This annual summary looks at each 2019 fatality and places it in an appropriate category.
Piloting a jump plane is among the most demanding of flying jobs, with multiple takeoffs and landings in a variety of conditions and with a variety of loads, as well as the need to refuel often throughout a day.
The USPA Board of Directors held its third meeting of the 2019-2021 term in Phoenix, Arizona, January 31-February 2. The board welcomed newly seated Central Regional Director Charles Crinklaw and elected Al King to fill the vacant national director seat.
The question of how to best manage and avoid risk is at the heart of any extreme sport. For skydivers this takes many forms: “What are the highest winds I should jump in at this location?” “Should I be jumping with a group this big?”
The 50-staters are indeed an exclusive group, and each has a unique story peppered with meeting dozens of new people while traveling thousands of miles across the continent.
Let me ask you this: When was your last aircraft emergency?
On December 16, just days before the start of the USPA National Collegiate Skydiving Championships at Florida Skydiving Center in Lake Wales, beloved DZ Manager Betty Hill succumbed to cancer after a battle of 20 years.
Over the last two years, the skydiving fatality rate in the U.S. has reached record low levels. Overall, skydivers across the globe are also doing a better job with safety. (Thank you all for that.) But when even one of us is lost or injured in a skydiving accident, it is one too many.
As chief judge at the 2019 USPA National Collegiate Skydiving Championships at Florida Skydiving Center in Lake Wales, Kirk M. Knight chose to receive USPA’s prestigious Gold Medal for Meritorious Service—bestowed on him by unanimous acclaim of the USPA Board of Directors earlier in the year—at the banquet following the event.
USPA tasks each Safety and Training Advisor with filing an incident report when a skydiving death occurs, but S&TAs are not the only people who can file a report, and a death is not the only reason for filing one.
Amy Benton and Chazi Blacksher of The Working Girls event organizing team, along with a team of heroic volunteers, created the wonderful superhero-themed Super SIS Weekend at Skydive Arizona in Eloy January 24-26.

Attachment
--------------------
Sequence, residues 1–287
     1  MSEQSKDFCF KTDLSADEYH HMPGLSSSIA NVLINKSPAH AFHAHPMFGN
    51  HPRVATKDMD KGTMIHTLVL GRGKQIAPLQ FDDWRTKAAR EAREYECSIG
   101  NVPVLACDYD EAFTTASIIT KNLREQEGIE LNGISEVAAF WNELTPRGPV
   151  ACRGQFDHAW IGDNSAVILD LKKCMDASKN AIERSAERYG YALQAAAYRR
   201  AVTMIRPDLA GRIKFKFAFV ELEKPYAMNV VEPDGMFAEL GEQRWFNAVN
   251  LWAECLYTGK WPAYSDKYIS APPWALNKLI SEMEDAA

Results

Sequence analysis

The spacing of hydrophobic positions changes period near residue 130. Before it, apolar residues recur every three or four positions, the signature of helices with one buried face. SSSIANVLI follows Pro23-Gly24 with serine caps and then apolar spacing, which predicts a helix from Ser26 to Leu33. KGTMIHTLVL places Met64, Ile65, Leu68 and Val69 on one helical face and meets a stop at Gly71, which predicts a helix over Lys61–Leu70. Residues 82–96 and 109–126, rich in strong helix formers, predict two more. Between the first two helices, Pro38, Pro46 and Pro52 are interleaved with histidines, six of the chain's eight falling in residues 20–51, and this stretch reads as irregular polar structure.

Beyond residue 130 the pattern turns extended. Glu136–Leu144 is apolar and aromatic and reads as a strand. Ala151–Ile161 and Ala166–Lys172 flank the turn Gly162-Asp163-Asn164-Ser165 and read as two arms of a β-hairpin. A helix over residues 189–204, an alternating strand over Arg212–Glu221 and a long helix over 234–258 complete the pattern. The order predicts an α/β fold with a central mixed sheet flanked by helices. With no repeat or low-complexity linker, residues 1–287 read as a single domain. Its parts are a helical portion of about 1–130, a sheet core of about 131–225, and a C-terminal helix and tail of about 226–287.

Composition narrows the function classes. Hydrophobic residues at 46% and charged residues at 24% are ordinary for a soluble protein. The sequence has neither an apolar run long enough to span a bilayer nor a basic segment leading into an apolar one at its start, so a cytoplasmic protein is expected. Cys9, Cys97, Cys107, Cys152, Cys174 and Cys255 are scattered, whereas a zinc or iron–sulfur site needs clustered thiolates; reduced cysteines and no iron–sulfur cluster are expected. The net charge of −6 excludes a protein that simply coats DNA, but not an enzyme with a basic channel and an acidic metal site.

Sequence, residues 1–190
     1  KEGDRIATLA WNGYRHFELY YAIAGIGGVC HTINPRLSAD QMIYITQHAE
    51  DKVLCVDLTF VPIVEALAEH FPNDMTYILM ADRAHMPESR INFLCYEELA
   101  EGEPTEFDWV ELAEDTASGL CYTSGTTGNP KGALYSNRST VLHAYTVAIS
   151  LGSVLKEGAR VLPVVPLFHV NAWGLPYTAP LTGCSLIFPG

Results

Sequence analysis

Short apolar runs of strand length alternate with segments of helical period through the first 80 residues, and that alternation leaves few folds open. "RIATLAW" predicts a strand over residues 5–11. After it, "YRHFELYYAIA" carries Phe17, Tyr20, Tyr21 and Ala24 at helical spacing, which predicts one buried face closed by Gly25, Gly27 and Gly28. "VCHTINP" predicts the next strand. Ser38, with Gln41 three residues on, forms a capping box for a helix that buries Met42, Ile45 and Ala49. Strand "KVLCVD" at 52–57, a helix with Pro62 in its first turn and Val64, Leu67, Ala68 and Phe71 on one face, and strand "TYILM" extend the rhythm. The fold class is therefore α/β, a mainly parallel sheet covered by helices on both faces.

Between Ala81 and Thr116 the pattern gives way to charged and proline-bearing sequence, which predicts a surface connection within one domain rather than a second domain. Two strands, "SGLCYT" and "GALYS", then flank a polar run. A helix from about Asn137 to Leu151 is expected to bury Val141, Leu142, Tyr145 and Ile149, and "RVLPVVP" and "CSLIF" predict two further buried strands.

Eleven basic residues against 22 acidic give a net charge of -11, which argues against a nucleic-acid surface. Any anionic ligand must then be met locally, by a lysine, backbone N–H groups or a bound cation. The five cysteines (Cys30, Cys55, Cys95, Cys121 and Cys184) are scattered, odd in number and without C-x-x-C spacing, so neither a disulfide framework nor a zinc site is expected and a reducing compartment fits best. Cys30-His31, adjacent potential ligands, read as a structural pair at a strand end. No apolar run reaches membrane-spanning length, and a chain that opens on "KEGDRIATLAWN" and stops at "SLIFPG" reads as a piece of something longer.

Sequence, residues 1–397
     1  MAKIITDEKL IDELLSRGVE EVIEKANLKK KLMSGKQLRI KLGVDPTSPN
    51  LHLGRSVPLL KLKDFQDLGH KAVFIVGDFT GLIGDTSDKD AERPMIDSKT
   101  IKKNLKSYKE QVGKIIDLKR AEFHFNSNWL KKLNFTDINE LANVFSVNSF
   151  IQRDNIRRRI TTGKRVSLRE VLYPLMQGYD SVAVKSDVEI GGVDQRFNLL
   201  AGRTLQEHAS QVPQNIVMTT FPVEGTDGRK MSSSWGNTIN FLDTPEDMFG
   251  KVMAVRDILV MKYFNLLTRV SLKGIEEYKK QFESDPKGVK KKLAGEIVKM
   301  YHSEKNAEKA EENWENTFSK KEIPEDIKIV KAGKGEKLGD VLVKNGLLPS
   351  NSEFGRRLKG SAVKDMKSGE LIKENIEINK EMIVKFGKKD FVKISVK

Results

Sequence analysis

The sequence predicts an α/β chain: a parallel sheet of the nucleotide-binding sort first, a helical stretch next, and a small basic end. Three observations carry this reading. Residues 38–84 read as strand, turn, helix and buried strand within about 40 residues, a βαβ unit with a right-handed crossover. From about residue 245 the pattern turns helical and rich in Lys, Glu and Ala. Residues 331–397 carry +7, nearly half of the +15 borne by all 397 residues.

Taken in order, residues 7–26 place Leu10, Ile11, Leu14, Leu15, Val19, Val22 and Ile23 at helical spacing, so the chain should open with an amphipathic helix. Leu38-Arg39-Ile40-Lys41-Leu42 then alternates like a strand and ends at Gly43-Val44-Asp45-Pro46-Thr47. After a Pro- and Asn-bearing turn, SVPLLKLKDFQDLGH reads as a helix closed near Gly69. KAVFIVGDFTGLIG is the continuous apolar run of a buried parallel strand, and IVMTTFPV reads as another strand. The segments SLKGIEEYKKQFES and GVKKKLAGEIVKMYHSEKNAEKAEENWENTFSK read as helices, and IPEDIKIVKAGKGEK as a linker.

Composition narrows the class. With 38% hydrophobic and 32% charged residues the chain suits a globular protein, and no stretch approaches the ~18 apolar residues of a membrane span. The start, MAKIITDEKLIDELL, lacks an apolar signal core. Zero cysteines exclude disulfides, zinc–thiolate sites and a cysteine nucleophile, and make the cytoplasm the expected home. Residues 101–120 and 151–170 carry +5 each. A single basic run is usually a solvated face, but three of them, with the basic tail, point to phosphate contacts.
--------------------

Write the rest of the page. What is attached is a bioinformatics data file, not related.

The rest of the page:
The 2019 USPA National Collegiate Skydiving Championships, held December 26-January 1 at the Florida Skydiving Center in Lake Wales, was bittersweet, as longtime DZ manager and valued member of the skydiving community Betty Hill lost her 20-year battle with cancer shortly before the event.
For the past several years, the U.S. Naval Academy Parachute Team has been in a building phase, and 2019 was a banner year.
Afternoon rains, gusty winds and low clouds greeted the competitors who arrived at Skydive Pretoria in South Africa in the weeks before the 10th Fédération Aéronautique Internationale World Cup of Canopy Piloting.
JaNette Lefkowitz starts by saying, “There’s just so much to it, so many stories leading up.”
Wingsuits add massive amounts of potential to skydives. A wingsuit flyer is able to fly farther and at much higher horizontal speeds than is possible on any other type of jump.
Tom Jenkins always saw the value of structured competition and record performances in driving skydivers to become more skilled while also having fun.
Around the world, October is the month dedicated to breast-cancer awareness. For many years, the skydiving community marked this month with Jump for the Cause, an event that brought women together to raise money for breast cancer research and set women’s world record formation skydives.
It was a delightful early November evening in DeLand, Florida, when 30 or so friends and family members gathered to honor Raymond E. Ferrell as USPA presented him with its Lifetime Achievement Award.
On December 26, 1959, Dr. John Gaffney (“Doc” to his skydiver friends) led the Central Florida Sky Divers Club to the DeLand Municipal Airport to jump from a Tri-Pacer flown by the airport manager, Bob Lee.
On Sunday, October 27, five parachutists safely landed at 20,200 feet MSL (with a density altitude of 22,700 feet MSL) on the West Col in the Nepali Himalayas.
October 2019 proved to be a banner month for sequential skydiving, as two separate groups of jumpers achieved world-record performances, one in full-break sequential formation skydiving and the other in canopy formation skydiving.
Halloween is all about chocolate, taking candy from strangers and, apparently, flying really fast parachutes at one another—at least for attendees of the debut Flock and Flow camp, held at Skydive Paraclete XP in Raeford, North Carolina, during Halloween weekend.
Each year, Safety Day is the second Saturday in March (this year, that’s March 14). It marks the beginning of a new season, and even in poor weather, jumpers flock to this event, their minds filled with fresh ideas and expectations of the warm summer days ahead.
When a competitive skydiver earns a U.S. Parachute Team patch and the opportunity to represent their country at a Fédération Aéronautique Internationale world skydiving event, they are bound to have an amazing experience.
During the first week of October, you could hear a variety of languages anywhere on the drop zone: Chinese in the boarding area, French on the packing mats in the hangar, Norwegian around the pool, German at the mock-up and Russian at the manifest window.
(More articles being added every day!)
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